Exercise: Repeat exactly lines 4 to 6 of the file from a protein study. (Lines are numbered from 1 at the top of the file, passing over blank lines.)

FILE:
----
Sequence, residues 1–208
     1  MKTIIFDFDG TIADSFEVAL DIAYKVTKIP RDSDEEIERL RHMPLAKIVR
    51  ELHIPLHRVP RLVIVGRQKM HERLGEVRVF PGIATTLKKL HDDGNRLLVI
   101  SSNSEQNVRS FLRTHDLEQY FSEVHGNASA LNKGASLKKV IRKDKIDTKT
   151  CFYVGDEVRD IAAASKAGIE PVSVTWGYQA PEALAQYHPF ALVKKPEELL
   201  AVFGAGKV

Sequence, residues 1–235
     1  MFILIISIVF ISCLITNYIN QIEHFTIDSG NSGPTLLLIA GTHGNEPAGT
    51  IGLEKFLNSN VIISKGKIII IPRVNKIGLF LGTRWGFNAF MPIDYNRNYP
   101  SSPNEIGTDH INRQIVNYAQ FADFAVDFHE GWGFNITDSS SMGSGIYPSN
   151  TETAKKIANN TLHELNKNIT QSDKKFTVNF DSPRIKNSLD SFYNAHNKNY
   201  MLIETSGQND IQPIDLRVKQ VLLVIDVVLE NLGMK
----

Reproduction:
   101  SSNSEQNVRS FLRTHDLEQY FSEVHGNASA LNKGASLKKV IRKDKIDTKT
   151  CFYVGDEVRD IAAASKAGIE PVSVTWGYQA PEALAQYHPF ALVKKPEELL
   201  AVFGAGKV